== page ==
Prepare yourself spiritually
What scriptures and talks will help the young women learn how to help their less-active friends?
Luke 15 (Parables of the lost sheep, lost coin, and prodigal son)
Dieter F. Uchtdorf, “Come, Join with Us,” Ensign or Liahona, Nov. 2013
Jeffrey R. Holland, “Prophets in the Land Again,” Ensign or Liahona, Nov. 2006, 104–7
Gordon B. Hinckley, “The Faith to Move Mountains,” Ensign or Liahona, Nov. 2006, 83–84
At the beginning of each class, invite the young women to share, teach, and testify about the experiences they have had applying what they learned in the previous week’s lesson. This will encourage personal conversion and help the young women see the relevance of the gospel in their daily lives.
Introduce the doctrine
Choose from these ideas or think of your own to introduce this week’s lesson:
- Show the video “The Faith of Youth: The Ennis Family,” and ask the young women to share their thoughts about this story.
- Write the title of the lesson on the board. Invite the young women to write on a piece of paper one way they can help less-active friends return to church. Collect the papers and pass them out to different young women. Invite them to share the ideas from the papers. Ask the young women to be thinking during the lesson of someone they know who is not active in the Church and to look for ways they can help that person.
Each of the activities below will help the young women understand how to help their less-active friends return to church. Following the inspiration of the Spirit, select one or more that will work best for your class:
- Ask the young women to think of a time when they lost something very valuable. What did they do to try to find it? Assign each young woman one of the three parables in Luke 15. Ask her to retell the parable in her own words and share a phrase from the parable that summarizes what the Savior was teaching in the parable. What do the young women learn from the actions of the shepherd, the woman, and the father in these parables? How can they follow these examples as they try to help those who are “lost” from the Church? Ask the young women to share any experiences of friends or family members who have returned after being less active, if they feel comfortable doing so.
- Ask the young women what it means to “rescue” someone. Share with them the story of the handcart pioneers who were stranded in a snowstorm in 1856 and Brigham Young’s plea to the Saints to rescue them (see Gordon B. Hinckley, “The Faith to Move Mountains,” Ensign or Liahona, Nov. 2006, 83–84). Invite someone to read the fourth-to-last paragraph of Elder Jeffrey R. Holland’s talk “Prophets in the Land Again.” How are those handcart pioneers like people the young women know today who need to be rescued? Ask them to think of a friend or family member who they could help return to activity in the Church.
- Share one of the stories from President Thomas S. Monson’s article “Sugar Beets and the Worth of a Soul” (see also the first two minutes of the video with the same title), or share an experience you have had helping a less-active friend or family member return to church. Invite the young women to read Alma 31:34–35 and D&C 18:10–16. What do these scriptures teach about how Heavenly Father feels about His children? Help the young women make a list of less-active young women in the ward, and discuss as a class the great worth each of them has and things they can do to invite those young women to return.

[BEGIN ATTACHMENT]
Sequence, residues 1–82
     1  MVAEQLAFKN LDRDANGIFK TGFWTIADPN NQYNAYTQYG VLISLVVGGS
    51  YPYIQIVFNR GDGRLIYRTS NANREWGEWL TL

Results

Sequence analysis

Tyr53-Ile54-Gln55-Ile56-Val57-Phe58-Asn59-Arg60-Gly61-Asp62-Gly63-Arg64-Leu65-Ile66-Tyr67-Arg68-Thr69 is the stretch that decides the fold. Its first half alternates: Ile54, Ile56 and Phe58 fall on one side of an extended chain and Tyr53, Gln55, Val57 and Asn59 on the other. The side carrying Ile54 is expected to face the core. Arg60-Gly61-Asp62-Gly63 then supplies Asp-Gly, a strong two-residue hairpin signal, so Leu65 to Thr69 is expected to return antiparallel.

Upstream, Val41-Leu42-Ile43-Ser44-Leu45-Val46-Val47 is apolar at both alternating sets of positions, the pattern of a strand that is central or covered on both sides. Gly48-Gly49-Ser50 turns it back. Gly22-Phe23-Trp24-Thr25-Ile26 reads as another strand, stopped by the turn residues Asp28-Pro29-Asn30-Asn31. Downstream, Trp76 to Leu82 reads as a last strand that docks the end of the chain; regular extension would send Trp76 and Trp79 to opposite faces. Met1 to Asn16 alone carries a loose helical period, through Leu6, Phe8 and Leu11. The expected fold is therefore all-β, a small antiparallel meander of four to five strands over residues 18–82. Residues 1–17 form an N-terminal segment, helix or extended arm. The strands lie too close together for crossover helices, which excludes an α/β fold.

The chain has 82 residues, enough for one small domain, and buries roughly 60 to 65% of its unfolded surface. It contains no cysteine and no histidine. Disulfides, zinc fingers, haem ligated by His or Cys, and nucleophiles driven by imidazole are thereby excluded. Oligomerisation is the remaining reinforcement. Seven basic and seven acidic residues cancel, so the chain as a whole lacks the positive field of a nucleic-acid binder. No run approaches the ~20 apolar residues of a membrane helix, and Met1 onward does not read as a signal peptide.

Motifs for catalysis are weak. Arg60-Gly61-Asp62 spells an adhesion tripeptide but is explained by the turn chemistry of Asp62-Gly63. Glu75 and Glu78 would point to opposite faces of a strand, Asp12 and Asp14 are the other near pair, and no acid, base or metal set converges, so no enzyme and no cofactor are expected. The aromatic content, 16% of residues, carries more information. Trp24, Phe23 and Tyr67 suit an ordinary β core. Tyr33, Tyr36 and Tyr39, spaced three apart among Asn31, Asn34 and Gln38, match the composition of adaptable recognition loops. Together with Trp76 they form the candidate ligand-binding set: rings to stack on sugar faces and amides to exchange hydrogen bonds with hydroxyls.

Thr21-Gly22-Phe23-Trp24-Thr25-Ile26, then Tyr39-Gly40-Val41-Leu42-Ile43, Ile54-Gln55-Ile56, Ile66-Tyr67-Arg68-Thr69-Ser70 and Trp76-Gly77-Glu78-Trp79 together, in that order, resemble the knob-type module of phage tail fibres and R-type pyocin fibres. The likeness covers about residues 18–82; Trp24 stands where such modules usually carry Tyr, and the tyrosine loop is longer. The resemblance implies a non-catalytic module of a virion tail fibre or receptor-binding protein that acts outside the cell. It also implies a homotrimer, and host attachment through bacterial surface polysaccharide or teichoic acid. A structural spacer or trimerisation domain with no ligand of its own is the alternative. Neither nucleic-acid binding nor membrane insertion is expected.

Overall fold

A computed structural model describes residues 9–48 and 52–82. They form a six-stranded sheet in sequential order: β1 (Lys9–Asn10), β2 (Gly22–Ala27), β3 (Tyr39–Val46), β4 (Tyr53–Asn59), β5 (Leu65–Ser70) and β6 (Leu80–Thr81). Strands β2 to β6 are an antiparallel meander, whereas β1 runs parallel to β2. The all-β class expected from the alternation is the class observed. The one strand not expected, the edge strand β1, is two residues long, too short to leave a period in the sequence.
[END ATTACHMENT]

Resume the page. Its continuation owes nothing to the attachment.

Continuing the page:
- Write on the board some reasons people give for not coming to church, such as “I have doubts about the Church’s teachings,” “I don’t fit in with people in the Church,” “I don’t think I could live up to the Church’s standards,” “I know a member of the Church who is a hypocrite,” and so on. Invite the young women look for President Dieter F. Uchtdorf’s responses to these concerns in his talk “Come, Join with Us.” Give the young women an opportunity to role-play how they would respond if a friend expressed one of these concerns.
- Show the video “Help Others Come Back to Church.” Invite the young women to look for principles Elder Bednar teaches that will help them be more effective as they invite their less-active friends to return to church. Why is family history work a good way to invite less-active friends to participate in church? What other activities could accomplish what Elder Bednar is describing?
Ask the young women to share what they learned today. What feelings or impressions do they have? Do they understand how to help their less-active friends? Do they have any additional questions? Would it be helpful to spend more time on this topic?
Live what we are learning
Invite the young women to consider how they will live by what they have learned today. For example, they could:
- Complete Good Works value experience 7 in Personal Progress.
- Pray for inspiration on how to help a friend or family member return to church and invite that person to come to church or a Mutual activity.
- Follow through with any plans they made today to reach out to a less-active class member.